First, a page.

Business School Topics
University students are more likely to plagiarise when they face unanticipated time pressures, a study conducted by Western Australian researchers has found.
The University of Western Australia's Business School PhD student Hwee Ping Koh, along with fellow researchers, presented 60 undergraduate and postgraduate business students with different scenarios around an impending assignment.
The results showed that whether the ‘last minute' rush to complete an essay was expected or unexpected influenced the likelihood of students committing plagiarism. In particular, students were less likely to plagiarise when time pressure was anticipated rather than unanticipated.
‘Most people will behave ethically given the opportunity,' said Koh. ‘However, circumstances may lead to unethical behaviour.
‘A policy approach could include a proactive educational program ensuring students understand the nature of plagiarism... followed by a reactive approach that imposes penalties on plagiarism. Where plagiarism results from time pressure, educationalists could, through appropriate curriculum design, reduce the propensity for students to plagiarise by reducing or managing that time pressure.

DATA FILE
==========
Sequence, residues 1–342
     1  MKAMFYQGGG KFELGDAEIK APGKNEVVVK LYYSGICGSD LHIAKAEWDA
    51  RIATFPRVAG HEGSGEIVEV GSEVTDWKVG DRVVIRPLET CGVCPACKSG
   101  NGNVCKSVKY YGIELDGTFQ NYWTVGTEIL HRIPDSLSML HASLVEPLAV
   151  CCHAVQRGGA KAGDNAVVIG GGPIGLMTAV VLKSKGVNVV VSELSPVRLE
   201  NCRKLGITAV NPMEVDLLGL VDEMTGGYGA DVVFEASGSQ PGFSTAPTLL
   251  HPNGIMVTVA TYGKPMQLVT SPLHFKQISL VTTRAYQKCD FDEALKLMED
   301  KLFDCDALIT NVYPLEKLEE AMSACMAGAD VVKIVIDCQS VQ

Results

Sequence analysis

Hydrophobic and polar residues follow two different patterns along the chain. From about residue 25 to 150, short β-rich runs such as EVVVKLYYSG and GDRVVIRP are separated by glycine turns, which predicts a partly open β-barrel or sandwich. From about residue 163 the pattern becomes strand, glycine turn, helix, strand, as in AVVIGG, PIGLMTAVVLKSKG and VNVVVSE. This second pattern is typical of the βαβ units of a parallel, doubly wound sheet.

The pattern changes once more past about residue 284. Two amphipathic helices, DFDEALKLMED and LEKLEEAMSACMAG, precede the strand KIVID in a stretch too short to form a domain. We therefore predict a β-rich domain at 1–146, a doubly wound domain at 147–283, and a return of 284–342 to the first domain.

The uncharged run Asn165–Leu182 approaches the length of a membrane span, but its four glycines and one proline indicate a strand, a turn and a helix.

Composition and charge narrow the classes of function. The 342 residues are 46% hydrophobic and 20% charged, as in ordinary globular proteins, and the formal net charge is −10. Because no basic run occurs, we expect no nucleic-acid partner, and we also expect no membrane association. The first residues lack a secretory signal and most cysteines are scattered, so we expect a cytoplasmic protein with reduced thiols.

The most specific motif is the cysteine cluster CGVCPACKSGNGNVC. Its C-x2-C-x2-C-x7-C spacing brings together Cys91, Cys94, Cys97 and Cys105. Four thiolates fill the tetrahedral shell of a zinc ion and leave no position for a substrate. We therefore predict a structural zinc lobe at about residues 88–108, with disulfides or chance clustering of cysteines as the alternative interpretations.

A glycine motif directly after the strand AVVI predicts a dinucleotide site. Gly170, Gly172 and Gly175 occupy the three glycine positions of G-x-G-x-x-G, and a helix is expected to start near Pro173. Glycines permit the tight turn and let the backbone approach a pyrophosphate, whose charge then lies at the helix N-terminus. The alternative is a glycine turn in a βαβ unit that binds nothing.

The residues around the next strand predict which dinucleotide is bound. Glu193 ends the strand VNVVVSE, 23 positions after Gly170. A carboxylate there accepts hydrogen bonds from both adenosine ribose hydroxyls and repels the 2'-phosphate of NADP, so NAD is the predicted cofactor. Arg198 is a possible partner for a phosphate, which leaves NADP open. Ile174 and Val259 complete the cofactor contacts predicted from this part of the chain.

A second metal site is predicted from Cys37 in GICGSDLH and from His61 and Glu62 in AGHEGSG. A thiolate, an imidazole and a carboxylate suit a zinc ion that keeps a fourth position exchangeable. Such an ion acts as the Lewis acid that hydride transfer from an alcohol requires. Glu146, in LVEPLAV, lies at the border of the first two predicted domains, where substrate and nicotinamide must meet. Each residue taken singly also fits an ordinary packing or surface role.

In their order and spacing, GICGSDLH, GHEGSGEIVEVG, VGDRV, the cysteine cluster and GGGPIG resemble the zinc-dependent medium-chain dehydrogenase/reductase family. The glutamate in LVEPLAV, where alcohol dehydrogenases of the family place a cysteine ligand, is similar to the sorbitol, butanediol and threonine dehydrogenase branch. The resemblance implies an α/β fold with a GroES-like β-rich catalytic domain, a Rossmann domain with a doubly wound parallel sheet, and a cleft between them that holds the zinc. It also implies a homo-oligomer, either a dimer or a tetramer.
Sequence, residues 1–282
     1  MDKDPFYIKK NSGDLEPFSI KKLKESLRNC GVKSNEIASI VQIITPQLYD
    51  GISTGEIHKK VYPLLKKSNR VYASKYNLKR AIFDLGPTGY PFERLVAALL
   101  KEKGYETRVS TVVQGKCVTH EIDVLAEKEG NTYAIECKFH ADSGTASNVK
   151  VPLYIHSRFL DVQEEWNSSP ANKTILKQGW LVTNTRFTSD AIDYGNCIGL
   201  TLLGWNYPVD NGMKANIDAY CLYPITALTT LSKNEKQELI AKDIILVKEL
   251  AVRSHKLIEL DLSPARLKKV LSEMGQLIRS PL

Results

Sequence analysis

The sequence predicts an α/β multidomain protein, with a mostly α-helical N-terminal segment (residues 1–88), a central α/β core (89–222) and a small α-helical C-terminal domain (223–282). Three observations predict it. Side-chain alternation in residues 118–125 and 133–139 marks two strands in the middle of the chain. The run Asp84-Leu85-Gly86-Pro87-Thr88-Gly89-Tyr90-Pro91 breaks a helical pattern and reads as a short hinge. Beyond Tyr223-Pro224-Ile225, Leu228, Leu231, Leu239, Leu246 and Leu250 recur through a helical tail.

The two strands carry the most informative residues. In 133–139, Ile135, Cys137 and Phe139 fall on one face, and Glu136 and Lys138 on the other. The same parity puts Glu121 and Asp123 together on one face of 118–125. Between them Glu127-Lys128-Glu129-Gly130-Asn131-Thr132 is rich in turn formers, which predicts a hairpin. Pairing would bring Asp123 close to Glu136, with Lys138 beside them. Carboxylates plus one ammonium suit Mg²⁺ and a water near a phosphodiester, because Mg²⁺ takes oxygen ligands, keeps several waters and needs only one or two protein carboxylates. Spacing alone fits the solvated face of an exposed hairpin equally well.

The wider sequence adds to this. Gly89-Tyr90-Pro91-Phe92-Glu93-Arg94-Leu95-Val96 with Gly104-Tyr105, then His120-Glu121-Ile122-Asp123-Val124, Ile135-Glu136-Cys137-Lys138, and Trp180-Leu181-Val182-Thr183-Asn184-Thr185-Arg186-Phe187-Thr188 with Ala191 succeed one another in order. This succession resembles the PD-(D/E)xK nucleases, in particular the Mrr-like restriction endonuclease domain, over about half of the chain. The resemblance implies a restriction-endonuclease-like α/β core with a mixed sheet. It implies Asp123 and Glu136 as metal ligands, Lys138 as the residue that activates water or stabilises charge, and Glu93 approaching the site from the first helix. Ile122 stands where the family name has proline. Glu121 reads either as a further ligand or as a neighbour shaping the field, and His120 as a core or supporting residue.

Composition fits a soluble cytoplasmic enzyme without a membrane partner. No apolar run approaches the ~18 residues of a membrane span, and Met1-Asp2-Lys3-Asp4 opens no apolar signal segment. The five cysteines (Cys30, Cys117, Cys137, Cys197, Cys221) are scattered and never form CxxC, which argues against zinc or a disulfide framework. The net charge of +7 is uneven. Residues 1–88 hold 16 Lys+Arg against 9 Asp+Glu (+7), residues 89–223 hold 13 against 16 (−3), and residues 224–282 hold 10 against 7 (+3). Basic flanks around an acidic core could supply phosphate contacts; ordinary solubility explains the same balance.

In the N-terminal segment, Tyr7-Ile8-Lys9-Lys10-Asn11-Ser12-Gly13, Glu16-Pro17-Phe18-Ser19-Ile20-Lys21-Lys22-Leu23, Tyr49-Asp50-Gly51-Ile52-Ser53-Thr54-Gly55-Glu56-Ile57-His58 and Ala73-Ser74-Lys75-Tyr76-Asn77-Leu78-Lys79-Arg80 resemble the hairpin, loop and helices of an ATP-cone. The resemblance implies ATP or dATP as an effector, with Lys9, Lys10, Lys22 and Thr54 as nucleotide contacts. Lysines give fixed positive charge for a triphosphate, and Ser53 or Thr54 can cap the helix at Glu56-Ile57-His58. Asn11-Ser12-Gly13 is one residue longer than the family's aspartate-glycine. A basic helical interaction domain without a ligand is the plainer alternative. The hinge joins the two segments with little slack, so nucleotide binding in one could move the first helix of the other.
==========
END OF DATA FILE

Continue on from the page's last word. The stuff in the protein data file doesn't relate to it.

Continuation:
‘It would seem a better understanding of the pressures, both anticipated and unanticipated, that increase the likelihood of student plagiarism will not only enable educators to better control the problem but also have the potential to improve ethical behaviour in the students' future professional lives.'
Koh suggests that teachers communicate assessment information and assessment rubrics at the beginning of semester, in order to encourage students to avoid rushing assignments. In addition, she suggests that unit outlines should include workload expectations and also highlight information around applying for extensions and seeking help where unanticipated problems arise.
Koh is working under the supervision of the UWA Business School's Professor David Woodliff and Professor Glennda Scully, from Curtin University of Technology. Koh's PhD is examining the effects of time pressure on the ethical behaviour of accounting professionals.
This study was presented at the 5th Asia Pacific Conference of Education Integrity on 26 September 2011 and Fogarty Foundation Postgraduate Student Research Forum on 22 November 2011, both of which were held at UWA